By: Ted Salonek
There was once a time in China where expats were bound to using simple blackboards and flashcards to teach their students the ins and outs of the English language. We now live in a world where nearly each and every classroom is connected to the internet, and is most likely equipped with a computer, a projector, or a smartboard. On top of this, students are commonly carrying a smartphone capable of participating in a few very engaging classroom activities that you may or may not know about. I have spoken with a few seasoned, professionally trained, certified teachers on what they use in their classrooms to keep their young, tech-savvy students engaged and often impressed with what is happening in their learning environments. Let’s explore what we came up with:
In the smartphone age, teachers face new challenges. I’m sure every teacher who is reading this can think of a situation where a student (or a classroom of students) with phone in hand has completely disengaged from the lesson. By default, smartphones can be a hindrance to the learning environment we are hoping to facilitate, but after speaking with my former professor at the University of Redlands, Dr. Michael Adams, he brought a very useful app to my attention.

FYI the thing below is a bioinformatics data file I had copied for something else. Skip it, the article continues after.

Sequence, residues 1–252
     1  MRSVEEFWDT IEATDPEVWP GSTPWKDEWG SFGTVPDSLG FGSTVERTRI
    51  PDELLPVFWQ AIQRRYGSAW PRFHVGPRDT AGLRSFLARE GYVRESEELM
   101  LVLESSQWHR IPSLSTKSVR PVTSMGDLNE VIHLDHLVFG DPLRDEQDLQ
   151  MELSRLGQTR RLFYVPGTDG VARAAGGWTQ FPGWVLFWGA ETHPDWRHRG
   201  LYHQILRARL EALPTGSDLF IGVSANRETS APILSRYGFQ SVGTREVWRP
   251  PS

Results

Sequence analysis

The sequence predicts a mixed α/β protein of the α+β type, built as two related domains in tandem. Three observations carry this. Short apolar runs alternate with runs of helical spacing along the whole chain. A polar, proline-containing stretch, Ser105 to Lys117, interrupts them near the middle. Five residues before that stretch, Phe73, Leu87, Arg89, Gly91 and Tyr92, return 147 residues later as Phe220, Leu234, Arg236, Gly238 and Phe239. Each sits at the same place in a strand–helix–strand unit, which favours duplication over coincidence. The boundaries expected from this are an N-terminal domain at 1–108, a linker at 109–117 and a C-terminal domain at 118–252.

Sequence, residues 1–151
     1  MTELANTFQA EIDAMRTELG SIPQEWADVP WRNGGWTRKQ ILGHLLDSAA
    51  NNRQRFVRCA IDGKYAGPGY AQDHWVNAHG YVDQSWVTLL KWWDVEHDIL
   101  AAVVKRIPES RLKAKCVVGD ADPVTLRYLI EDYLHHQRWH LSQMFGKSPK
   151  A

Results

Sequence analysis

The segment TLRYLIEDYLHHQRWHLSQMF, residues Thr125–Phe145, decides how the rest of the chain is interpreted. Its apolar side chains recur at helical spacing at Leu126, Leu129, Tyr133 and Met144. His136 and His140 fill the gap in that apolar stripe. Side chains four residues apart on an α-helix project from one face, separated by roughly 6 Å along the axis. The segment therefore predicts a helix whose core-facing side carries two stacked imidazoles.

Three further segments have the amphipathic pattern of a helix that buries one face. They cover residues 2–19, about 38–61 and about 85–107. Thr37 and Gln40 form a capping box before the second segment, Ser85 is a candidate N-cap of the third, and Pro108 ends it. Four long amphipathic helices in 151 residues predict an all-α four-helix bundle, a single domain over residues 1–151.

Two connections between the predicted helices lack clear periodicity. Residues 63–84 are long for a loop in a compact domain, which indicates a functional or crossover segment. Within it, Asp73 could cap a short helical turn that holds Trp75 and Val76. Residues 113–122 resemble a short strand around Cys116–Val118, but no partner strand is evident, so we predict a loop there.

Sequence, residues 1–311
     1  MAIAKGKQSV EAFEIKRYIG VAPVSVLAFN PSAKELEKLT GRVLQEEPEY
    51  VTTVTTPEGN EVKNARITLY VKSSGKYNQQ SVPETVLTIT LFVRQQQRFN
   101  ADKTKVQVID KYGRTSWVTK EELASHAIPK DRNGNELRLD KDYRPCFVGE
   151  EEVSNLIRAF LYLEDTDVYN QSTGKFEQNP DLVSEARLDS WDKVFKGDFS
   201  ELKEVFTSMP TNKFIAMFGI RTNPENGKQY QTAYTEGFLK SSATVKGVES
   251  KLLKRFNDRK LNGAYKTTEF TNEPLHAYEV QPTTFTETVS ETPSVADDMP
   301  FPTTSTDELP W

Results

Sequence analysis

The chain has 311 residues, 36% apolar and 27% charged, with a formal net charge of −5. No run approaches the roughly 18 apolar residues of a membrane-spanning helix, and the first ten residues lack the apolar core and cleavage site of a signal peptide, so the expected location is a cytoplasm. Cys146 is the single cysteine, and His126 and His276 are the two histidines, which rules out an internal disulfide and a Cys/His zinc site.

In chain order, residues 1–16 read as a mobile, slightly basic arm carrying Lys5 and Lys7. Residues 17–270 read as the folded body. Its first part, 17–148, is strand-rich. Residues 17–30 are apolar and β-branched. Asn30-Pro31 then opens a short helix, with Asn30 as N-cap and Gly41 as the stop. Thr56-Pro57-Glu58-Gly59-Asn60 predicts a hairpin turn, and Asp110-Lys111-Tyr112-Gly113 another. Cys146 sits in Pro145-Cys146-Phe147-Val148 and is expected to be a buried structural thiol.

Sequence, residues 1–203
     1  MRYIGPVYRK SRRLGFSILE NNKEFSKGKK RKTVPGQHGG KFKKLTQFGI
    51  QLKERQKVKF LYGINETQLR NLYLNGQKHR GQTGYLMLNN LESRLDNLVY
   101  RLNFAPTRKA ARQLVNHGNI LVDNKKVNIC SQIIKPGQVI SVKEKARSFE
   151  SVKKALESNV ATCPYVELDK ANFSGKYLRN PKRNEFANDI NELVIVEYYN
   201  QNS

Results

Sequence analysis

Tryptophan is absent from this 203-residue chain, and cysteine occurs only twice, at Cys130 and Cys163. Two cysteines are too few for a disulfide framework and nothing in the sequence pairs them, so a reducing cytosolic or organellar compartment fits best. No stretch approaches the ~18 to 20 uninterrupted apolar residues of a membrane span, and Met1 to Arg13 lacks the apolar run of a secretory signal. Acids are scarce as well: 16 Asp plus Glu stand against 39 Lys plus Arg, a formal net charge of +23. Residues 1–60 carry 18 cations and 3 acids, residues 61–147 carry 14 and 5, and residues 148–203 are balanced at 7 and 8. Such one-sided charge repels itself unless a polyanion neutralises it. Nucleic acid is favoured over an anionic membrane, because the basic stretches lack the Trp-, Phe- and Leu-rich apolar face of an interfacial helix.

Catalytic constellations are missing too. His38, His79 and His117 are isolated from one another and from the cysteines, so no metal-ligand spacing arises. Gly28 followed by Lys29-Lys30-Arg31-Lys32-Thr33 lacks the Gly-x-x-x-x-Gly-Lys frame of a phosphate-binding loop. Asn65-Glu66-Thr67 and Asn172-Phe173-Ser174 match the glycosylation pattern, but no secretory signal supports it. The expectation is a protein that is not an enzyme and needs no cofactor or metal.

When asked to share an app he found useful in the classroom, he replied to me, “Quizlet is a wonderful online tool and app that can be used in the classroom. Teachers are able to sign into their account and create resources for their students based on what is being taught in the classroom. At times, you can even allow your students to have an in-class study hall or pre-test review using the resources you have created for them on Quizlet.”
Students can listen to podcasts to improve their comprehension. Teachers can also use podcasts, or clips from podcasts, as a warm-up and discussion exercise in the classroom. A quick search for “ESL” or “English Learner Podcasts” on Apple’s podcast app (or whichever podcast app you prefer) will reveal an abundance of podcasts that are created solely for ESL or ELL learners.
Students can also be tasked with making their own podcasts based on their interests as well. This is a wonderful activity that I did with my students while in China. My students were able to choose a topic that interests them and create a 10-15 minute podcast with a classmate talking about that topic; sharing information, opinions, and ideas with their make believe listeners. It was a great authentic learning exercise and my students loved it. All they needed was a microphone-equipped smartphone or computer, and the ability to record their conversation.